There is one – just one – sequence in the first act of Everest that cuts directly to the core of the film’s humanity. In the early stages of the climbers’ training, before they make final preparations to ascend to the peak of Mt. Everest, and obviously before any of them knew what an ill-fated expedition it would turn out to be, the trailblazing journalist Jon Krakauer (well-played in the film by Michael Kelly) asks the only question that matters from a humanist perspective: “Why?” Why would this group of people – most of them wealthy, with varying levels of climbing experience – suffer through the torment of training for a 12-hour climb to the summit of a treacherous mountain when A) based on conditions, there is no guarantee that they will even be able to reach said summit, and B) they could, ya know, die in any number of hideous ways.
This is not merely the most vital question from a journalistic standpoint, but also from a critical one. The key emotional hinge for a survivalist tale – even one based on true events, where most of us already know the outcome – is empathy with the characters, and that is generated via understanding. The ultimate failure of Baltasar Kormakur’s effects-laden adventure film is that it seems unwilling – or, worse, unable – to address Krakauer’s simple-yet-profound question. There is no “why” for these characters, and as such there is no “why” for the movie’s existence – outside of an onslaught of dizzying CG vistas which serve as the canvas on which an expansive cast of recognizable stars paint a portrait of human suffering.
Not that human suffering is somehow an invalid artistic subject. To the contrary, within the appropriate context, it is one of the most shattering and humane of filmic points of view. But without that context—without the “why” – it starts to feel like opportunistic audience baiting. To be fair, Everest doesn’t dwell as intently as it could on the continued suffering and – spoiler alert – many deaths that occurred during a would-be routine guided ascent of Everest by a then-unblemished New Zealand company in the spring of 1996. Whereas Kormakur gleefully waded in exploitative waters in 2012’s Contraband and especially 2013’s 2 Guns, the sobering real-life tragedy seems to have instilled a welcome sense of restraint from the Icelandic filmmaker. But working from a screenplay (by William Nicholson and Simon Beaufoy) with the central identifying endeavor of attaching respected names (among them Josh Brolin, John Hawkes, Jake Gyllenhaal, Emily Watson, Robin Wright, and Keira Knightley) to its otherwise one-dimensional characters, and converting the finished product for an “exclusive” IMAX 3-D release in advance of going wide in other formats seems a little snuff-ish in light of the heartbreaking scenario being depicted.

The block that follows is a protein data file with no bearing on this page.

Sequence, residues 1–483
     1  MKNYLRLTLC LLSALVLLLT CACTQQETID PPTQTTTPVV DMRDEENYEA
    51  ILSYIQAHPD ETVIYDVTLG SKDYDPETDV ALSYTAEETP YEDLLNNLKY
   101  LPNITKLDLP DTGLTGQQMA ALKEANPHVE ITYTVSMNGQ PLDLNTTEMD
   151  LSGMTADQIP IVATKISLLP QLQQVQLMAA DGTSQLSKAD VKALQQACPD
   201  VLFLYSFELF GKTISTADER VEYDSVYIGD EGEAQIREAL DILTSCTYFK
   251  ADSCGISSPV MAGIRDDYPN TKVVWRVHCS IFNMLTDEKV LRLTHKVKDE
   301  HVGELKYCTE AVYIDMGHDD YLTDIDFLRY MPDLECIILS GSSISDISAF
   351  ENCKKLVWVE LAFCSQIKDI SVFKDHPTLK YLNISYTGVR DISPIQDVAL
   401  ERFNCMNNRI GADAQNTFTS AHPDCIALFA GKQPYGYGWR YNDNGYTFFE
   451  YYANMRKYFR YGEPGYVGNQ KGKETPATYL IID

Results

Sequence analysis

Of the aforementioned technical prowess, I can say it is impressive, albeit intermittently. For every staggering, cliff-peering sequence of CG expertise, there are plenty of shots in which the harsh soundstage lighting is obvious and any propulsive intensity the film has generated comes to a crashing halt. It’s not a great indication of your film’s staying power when informed viewers can cherry pick the scenes that will look laughably bad in a few years’ time.
What that means is the responsibility for overcoming technical flaws and engaging the audience lies where it frankly should – with the story and characters. Nicholson and Beaufoy aren’t able to provide many shades to the source story; the screenplay is a mostly shapeless travelogue that reiterates the events without much forward motion, aside from the obviously compelling developments of a winter storm or a mini-avalanche. As for the large, enormously talented cast, they do what they can with flat material and static characters. Curiously, most static among them is the de facto lead, tour guide Rob Hall, played by the great Jason Clarke (Zero Dark Thirty, Dawn of the Planet of the Apes) essentially as written – saintly and kind with no deeper shades whatsoever. What drove Hall to persist on months-long expeditions with overt dangers and questionable outcomes when he had a loving wife at home with a baby on the way? That’s an intriguing question the film doesn’t even attempt to answer. So we are left incredulous, pondering Krakauer’s essential, now eternal question. Why?
Everest doesn’t answer, leaving us to watch uninteresting people suffer for two hours, which is not my idea of entertainment – not even in IMAX 3-D.